Anti-fraud defences still have not been put in place half a year after details of a £2m theft from the council came to light.

An investigation was called for by Labour’s audit spokesperson Cllr Alison Moore after it was revealed payment checks had not been reviewed six months after a report into a £2 million fraud against the council was published – despite being listed as a “high priority”.

The checks were one of the recommendations made by consultancy Grant Thornton to tighten Barnet Council’s financial controls following the fraud by a former Capita contractor.

Cllr Moore said: “There must be an investigation into how this was allowed to happen.

“We are six months on from the publication of the report, and our last update said this action had been submitted and verified for testing. It is completely unacceptable.”

Capita says the recommendation was “temporarily delayed”, and Barnet Council is working with the company to ensure it is implemented as soon as possible.

Grant Thornton’s report advised the council to review the automated payment process for new suppliers and propose improvements to the system.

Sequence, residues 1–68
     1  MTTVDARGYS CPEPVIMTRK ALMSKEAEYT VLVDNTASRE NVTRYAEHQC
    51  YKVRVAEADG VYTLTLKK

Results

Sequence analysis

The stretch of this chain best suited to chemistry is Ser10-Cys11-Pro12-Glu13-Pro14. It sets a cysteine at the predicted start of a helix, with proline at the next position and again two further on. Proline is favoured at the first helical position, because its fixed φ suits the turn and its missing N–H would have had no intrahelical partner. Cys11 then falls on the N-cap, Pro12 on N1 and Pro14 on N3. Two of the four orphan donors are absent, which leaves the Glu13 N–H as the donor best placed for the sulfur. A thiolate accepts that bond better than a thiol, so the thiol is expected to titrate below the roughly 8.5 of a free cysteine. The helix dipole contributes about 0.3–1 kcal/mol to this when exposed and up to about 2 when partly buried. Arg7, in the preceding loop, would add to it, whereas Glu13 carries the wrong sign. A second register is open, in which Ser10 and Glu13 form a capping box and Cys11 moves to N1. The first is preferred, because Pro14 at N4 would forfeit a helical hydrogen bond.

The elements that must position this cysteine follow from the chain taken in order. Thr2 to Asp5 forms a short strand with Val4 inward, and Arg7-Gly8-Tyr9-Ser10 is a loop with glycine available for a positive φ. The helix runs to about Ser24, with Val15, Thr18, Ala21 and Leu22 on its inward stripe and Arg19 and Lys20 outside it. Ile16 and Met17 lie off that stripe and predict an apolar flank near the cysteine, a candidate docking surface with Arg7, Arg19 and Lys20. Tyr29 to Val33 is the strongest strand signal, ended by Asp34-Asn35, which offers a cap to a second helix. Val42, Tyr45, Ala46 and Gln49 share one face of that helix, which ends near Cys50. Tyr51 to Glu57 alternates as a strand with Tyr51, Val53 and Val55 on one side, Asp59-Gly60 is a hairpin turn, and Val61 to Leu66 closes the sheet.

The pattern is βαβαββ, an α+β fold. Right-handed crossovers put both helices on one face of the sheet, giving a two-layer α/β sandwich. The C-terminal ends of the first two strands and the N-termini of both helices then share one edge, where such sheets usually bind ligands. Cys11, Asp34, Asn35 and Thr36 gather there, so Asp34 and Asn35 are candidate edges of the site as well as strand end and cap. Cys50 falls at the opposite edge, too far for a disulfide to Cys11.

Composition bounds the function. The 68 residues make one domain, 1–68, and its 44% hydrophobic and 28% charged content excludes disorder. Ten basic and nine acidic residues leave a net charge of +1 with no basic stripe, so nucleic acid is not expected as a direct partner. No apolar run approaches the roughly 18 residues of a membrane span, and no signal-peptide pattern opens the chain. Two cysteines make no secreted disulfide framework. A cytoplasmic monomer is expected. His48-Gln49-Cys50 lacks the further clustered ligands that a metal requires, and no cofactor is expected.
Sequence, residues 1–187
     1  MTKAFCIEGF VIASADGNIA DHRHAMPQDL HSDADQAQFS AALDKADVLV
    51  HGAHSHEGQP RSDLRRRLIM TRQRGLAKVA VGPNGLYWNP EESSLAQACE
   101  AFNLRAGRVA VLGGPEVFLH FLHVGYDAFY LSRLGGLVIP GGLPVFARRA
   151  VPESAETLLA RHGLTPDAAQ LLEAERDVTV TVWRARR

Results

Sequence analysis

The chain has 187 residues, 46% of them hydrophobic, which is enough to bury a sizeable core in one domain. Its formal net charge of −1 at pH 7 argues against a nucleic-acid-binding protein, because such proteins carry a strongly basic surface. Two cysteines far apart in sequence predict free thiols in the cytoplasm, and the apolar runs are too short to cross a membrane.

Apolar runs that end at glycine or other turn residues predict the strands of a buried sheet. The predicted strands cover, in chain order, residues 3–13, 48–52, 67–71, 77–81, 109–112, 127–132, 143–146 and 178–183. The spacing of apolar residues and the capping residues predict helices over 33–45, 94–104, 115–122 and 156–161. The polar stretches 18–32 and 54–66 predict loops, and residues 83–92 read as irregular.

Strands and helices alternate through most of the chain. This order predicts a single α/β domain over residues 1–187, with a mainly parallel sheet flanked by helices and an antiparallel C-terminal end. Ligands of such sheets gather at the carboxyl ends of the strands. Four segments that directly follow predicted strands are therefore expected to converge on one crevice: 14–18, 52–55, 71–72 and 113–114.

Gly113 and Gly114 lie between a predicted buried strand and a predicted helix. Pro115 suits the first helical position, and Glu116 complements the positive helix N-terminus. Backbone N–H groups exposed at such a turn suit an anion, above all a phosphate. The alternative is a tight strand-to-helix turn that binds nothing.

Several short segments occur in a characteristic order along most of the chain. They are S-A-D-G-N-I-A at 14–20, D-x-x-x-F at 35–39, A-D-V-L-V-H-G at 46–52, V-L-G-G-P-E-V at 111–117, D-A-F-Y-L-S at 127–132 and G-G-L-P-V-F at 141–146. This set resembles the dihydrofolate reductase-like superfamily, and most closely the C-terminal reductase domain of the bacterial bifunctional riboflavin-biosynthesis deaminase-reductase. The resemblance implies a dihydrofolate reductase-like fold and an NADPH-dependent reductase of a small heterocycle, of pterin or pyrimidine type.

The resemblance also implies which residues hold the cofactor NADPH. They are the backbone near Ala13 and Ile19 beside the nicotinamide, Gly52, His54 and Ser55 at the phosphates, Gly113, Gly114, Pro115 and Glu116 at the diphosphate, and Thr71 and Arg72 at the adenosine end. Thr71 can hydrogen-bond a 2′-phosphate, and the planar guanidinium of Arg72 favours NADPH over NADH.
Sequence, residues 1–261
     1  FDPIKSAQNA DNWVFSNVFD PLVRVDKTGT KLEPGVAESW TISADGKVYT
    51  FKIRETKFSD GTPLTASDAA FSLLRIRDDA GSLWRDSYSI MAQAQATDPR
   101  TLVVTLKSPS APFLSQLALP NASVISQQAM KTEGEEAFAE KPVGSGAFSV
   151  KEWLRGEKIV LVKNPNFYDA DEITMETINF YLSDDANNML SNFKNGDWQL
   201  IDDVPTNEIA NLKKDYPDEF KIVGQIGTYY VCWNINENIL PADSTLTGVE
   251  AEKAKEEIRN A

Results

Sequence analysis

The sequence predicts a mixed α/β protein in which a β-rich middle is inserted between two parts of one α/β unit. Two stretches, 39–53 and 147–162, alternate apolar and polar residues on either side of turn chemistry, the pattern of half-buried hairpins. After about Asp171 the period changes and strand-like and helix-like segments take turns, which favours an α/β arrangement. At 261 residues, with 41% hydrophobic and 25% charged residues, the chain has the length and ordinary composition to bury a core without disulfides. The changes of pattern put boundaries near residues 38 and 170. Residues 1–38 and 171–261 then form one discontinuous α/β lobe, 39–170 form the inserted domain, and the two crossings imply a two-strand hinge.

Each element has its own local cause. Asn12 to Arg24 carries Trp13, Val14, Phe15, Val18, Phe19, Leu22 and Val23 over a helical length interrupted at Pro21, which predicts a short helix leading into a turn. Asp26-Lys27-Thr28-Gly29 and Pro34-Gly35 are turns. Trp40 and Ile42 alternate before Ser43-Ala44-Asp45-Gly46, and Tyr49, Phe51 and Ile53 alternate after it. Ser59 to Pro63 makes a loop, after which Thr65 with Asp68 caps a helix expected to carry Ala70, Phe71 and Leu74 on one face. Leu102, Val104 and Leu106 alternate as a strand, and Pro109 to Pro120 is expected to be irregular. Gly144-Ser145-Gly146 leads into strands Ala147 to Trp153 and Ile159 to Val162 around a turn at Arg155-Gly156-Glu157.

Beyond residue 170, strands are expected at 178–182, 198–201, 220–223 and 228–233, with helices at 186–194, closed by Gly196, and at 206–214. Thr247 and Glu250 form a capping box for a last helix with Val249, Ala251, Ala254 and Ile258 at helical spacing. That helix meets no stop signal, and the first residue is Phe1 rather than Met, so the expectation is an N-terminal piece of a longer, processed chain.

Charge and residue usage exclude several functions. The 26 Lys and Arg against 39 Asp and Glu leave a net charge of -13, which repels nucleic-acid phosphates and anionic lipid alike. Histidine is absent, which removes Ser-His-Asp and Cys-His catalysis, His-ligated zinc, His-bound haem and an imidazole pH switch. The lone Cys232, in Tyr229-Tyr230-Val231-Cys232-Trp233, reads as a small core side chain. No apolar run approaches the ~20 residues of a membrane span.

But last week’s audit committee report revealed the recommendation had not been put in place “due to no assurance having yet been obtained over the operating effectiveness of the associated controls in place”.

Of the nine other high priority recommendations, eight had been implemented and one had been partially implemented.

The Grant Thornton report into the £2 million fraud by former Capita contractor Trishul Shah showed five financial safety nets designed to protect Barnet Council had failed.

Mr Shah was jailed for five years after pleading guilty to two counts of fraud by abuse of position during a hearing at Harrow Crown Court on July 31 last year.

He made 62 fraudulent payments relating to compulsory purchase orders between July 2016 and December 2017, while he was employed on a regional enterprise (Re) contract with Capita.

The council subsequently decided to bring two services that were outsourced to Capita back in house and agreed a £4.12 million compensation deal with the firm.

A Barnet Council spokesman said: “Action has been taken to implement this recommendation, but the council is not yet able to verify that the new process is working effectively.

“We are working with Capita to ensure that the implementation of this recommendation is completed and verified as quickly as possible.”

A Capita spokesperson said: “We temporarily delayed the implementation of one of the Grant Thornton recommendations because it could have delayed payments to our new suppliers, including SMEs (small and medium-sized enterprises) which rely on prompt payment.

“We have now implemented this recommendation and are working with the council to review and amend the process where necessary to ensure it maintains the integrity of financial controls but minimises any negative impact on suppliers.”